By Maureen McMullen
One pound of methamphetamine used to be considered a big drug bust by Minnesota law enforcement.
This year, however, a single meth seizure operation can yield between five and 35 pounds.
The Minnesota Department of Public Safety reported Monday, Marcy 6, that drug task forces seized a record 488 pounds of meth throughout the state in 2016, a more than 484 percent increase from 2009.
In just one year, meth seizures more than doubled.
“The methamphetamine is really off the charts in the state of Minnesota,” Faribault Police Chief Andy Bohlen said. “We’ve never seen this before.”
Bohlen chairs the Violent Crime Coordinating Council, which the state Legislature established to oversee Violent Crime Enforcement Teams.
These task forces of city, county and tribal law enforcement investigate narcotics, gangs and violent crime.
The task forces currently serve 70 of the state’s 87 counties.
The teams also reported soaring numbers of prescription pills, which include opioids, being seized.
More than 58,000 pills slated for illegal sale in Minnesota were confiscated last year, representing a 231 percent increase from 2015.
Although a bulk of the state’s 2016 seizures of pills and meth was concentrated in the Twin Cities, the number of heroin seizures in greater Minnesota, 2,024, was comparable to the metro’s 2,919.
Counties without the service, most of which are scattered throughout greater Minnesota, sometimes rely on associate task forces to battle their drug trades.
Gov. Mark Dayton included an additional $1 million in task force funding each year at the council’s recommendation, which could help the remaining counties access partnerships with teams throughout the state.
The proposal for new spending comes as the state sits on a $1.65 billion surplus, but Chairman Tony Cornish, R-Vernon Center, of a House public safety committee said he is not sure how the additional funding would compete with the multitude of requests this year.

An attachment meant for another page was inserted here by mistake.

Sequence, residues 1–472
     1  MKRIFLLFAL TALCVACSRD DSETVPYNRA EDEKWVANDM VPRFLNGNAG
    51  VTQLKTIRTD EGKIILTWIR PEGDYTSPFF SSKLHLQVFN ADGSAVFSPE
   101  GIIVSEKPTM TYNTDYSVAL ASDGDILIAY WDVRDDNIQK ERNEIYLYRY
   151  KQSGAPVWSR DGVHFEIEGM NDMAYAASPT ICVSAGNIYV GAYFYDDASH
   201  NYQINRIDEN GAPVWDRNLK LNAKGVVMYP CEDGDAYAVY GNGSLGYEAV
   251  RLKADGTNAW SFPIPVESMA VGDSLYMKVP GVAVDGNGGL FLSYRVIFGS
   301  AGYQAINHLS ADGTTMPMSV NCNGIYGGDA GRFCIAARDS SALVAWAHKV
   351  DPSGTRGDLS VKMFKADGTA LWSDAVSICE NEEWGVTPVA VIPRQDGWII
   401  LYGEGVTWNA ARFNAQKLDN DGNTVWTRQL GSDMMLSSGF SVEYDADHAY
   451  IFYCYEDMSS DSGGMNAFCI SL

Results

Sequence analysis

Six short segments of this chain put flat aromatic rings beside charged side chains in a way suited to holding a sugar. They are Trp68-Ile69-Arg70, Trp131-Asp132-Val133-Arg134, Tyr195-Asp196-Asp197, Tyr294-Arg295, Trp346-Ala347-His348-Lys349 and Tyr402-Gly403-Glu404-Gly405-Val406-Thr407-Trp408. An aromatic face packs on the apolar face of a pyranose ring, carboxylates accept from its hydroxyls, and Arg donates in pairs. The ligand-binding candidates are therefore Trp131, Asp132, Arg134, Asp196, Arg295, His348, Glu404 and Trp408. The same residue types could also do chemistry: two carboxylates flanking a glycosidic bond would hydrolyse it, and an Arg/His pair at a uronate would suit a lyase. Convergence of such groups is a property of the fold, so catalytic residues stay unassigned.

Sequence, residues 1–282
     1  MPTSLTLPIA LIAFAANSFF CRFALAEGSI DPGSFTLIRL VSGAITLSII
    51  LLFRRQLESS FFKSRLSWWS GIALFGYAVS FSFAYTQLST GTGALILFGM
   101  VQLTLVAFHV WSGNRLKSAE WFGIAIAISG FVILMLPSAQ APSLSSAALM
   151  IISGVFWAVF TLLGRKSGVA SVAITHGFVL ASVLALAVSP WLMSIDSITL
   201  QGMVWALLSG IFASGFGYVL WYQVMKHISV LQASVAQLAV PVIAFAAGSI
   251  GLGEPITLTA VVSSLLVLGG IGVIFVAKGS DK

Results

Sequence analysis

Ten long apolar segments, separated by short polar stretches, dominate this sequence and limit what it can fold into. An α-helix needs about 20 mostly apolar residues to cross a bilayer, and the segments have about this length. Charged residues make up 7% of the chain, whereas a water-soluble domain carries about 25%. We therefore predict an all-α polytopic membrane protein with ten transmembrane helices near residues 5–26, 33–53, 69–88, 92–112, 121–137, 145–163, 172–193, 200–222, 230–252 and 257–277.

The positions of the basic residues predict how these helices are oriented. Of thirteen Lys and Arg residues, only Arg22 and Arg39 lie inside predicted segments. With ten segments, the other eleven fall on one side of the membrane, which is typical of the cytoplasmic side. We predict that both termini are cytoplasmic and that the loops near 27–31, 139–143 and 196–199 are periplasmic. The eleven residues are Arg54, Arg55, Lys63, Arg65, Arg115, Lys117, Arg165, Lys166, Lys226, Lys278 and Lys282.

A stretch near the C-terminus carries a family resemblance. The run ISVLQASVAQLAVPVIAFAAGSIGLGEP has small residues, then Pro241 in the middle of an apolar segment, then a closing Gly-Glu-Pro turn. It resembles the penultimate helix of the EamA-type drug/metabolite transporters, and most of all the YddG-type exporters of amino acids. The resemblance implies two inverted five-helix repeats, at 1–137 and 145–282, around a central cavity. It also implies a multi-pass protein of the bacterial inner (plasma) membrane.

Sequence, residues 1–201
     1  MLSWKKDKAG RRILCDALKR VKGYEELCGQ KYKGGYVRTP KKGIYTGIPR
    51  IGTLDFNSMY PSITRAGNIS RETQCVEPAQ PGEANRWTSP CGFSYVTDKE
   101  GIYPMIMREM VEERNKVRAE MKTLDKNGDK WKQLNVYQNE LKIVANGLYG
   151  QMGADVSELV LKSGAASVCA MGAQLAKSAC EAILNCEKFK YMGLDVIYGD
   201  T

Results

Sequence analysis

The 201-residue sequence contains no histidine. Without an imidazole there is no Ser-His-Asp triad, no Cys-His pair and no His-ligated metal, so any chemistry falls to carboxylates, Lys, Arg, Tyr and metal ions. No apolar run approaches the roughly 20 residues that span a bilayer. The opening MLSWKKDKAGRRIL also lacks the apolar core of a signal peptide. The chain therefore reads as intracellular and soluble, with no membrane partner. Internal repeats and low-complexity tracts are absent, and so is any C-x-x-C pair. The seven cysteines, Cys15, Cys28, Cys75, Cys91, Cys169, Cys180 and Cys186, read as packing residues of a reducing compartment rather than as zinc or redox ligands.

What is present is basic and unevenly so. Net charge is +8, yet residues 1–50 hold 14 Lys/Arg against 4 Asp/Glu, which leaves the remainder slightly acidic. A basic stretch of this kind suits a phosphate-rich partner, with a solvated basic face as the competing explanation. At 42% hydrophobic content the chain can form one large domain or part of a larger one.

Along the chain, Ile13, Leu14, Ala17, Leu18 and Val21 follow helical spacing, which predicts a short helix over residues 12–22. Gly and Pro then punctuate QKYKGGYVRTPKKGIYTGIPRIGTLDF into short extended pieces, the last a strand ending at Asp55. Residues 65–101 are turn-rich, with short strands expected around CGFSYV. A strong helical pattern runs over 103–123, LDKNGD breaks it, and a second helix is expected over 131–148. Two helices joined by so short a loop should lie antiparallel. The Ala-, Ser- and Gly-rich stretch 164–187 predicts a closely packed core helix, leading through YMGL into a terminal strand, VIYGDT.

“The governor has been very beneficial to almost everyone in the public safety budget, and I would wholly expect the committee to be supportive of the extra money he has allotted,” he said. “We have not received our targets yet for our separate jurisdictions, so until then I won’t know.”
Cornish said his top priority for public safety is securing more than $8 million for police training for dealing with mentally ill or suicidal individuals, along with teens in crisis situations.
The state’s pursuit of a weakened drug trade, Public Safety Commissioner Mona Dohman said, must address the demand for drugs.
“Law enforcement is working hard to get the drugs off our streets, and stop them from coming into our state, but we can’t win this battle alone,” Dohman said. “We simply cannot enforce our way out of this problem.”
The state Human Services Department proposes a revamped approach to treating substance abuse.
The proposal aims to allow those seeking treatment to go directly to their providers for an assessment and would allow direct reimbursement for providers and site-based treatment programs.
Human Services Commissioner Emily Piper with the department said including multiple entities in the drug treatment model would result in greater rate of success in combatting Minnesota’s rising drug problems.
“The key to this is working across agencies and with local communities, and with all of these wonderful local partners we have here today to ensure the services we are providing to providers and families are making a real difference in moving the outcomes we want to see happening in the state of Minnesota,” she said.
Minnesota drug facts
- Although the number of heroin, prescription, methamphetamine, cocaine and marijuana seizures have grown considerably since 2012, the number has dropped for crack. Task forces reported seizing 2.75 pounds of crack in 2012, but only 1.3 pounds in 2016.
- Law enforcement traces most methamphetamine that enters Minnesota to Mexico.
- Fentanyl, a powerful elephant tranquilizer, has been found in street drugs like heroin. Law enforcement officers say the the drug, which increases likelihood of overdose, likely comes from China.
- Twin Cities area methamphetamine seizures have far outpaced those in greater Minnesota. The number for the Twin Cities has grown from 71,810 grams in 2014 to 171,807 grams in 2016. In greater Minnesota, the total amount of meth seized grew from 29,564 in 2014 to 49,416 in 2016.
- The number of illegally marketed prescription pills seized in the Twin Cities area grew from 6,456 pills in 2014 to 46,652 in 2016. The number of pills seized in greater Minnesota during that time, however, has been relatively consistent, with 11,942 pills obtained in 2014, 12,679 in 2015 and 11,926 in 2016.
Source: Minnesota Department of Public Safety